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Although New Jersey’s Prevention of Domestic Violence Act (PDVA) specifically allows for restraining orders in the event of harassment, proving that harassment has taken place is one of the most challenging aspects of a domestic violence trial. It is difficult as New Jersey law requires proof that the aggressor actually intended to harass the party seeking protection.

Under New Jersey law, ” a person commits a petty disorderly persons offense of harassment, if, with purpose to harass another, he” or she:

  1. Makes, or causes to be made, a communication or communications anonymously or at extremely inconvenient hours, or in offensively coarse language, or any other manner likely to cause annoyance or alarm;
  2. Subjects another to striking, kicking, shoving, or other offensive touching, or threatens to do so; or
  3. Engages in any other course of alarming conduct or of repeatedly committed acts with purpose to alarm or seriously annoy such other person.

A recent New Jersey appellate case reaffirmed that the Court must find that the aggressor acted with a “purpose to harass” before issuing a Final Restraining Order (FRO). In A.I.H. v. Z.O.F., the defendant appealed from a decision granting the plaintiff a FRO to stop the defendant from harassing her. The defendant argued the trial court did not specifically find that defendant spoke or acted with a “purpose to harass” the plaintiff. The Appellate Division agreed with the defendant that the trial court did not specifically find that defendant acted with a “purpose to harass” the plaintiff. Fortunately for the plaintiff however, the Appellate Division also held that the trial court’s unequivocal rejection of defendant’s excuse for continuously contacting the plaintiff, coupled with the trial court’s finding that defendant’s true “purpose” was to exert “some type of control over her,” sufficiently proved that defendant did intend to harass the defendant. Thus, the Appellate Division upheld the issuance of the Final Restraining Order in that case.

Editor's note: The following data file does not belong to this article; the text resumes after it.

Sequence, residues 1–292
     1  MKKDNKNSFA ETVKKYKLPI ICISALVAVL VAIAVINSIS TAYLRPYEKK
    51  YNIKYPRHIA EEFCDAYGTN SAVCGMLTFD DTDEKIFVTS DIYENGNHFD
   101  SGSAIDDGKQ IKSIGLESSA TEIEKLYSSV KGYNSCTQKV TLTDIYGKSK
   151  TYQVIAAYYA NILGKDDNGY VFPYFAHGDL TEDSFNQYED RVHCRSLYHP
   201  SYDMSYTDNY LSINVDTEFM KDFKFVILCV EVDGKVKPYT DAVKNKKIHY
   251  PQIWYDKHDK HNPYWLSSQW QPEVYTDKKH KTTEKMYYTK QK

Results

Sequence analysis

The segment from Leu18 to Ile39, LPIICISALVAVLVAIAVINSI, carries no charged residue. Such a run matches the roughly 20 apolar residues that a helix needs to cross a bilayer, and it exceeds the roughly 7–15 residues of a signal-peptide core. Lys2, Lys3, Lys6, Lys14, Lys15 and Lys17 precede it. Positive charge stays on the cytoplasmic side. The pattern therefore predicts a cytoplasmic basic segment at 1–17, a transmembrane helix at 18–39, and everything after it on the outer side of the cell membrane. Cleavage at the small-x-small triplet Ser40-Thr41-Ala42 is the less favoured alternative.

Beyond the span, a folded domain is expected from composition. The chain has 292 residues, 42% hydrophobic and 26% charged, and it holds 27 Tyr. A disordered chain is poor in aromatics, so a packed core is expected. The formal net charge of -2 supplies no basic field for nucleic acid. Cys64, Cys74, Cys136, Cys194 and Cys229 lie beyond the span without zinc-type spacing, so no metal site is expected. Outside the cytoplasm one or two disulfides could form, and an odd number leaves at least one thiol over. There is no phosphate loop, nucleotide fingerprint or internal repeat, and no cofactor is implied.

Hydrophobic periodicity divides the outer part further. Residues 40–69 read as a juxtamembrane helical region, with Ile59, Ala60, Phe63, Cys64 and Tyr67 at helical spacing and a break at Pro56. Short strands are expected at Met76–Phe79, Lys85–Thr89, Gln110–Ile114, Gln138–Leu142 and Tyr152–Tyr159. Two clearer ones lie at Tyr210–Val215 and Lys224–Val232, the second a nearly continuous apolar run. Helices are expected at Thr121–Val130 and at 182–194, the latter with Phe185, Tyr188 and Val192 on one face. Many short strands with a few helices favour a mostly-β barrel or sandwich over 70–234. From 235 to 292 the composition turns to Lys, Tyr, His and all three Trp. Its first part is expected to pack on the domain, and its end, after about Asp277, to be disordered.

If you have asked the Court for a Final Restraining Order and been denied, contact us for a consultation today.

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Effective September 14, 2015

 

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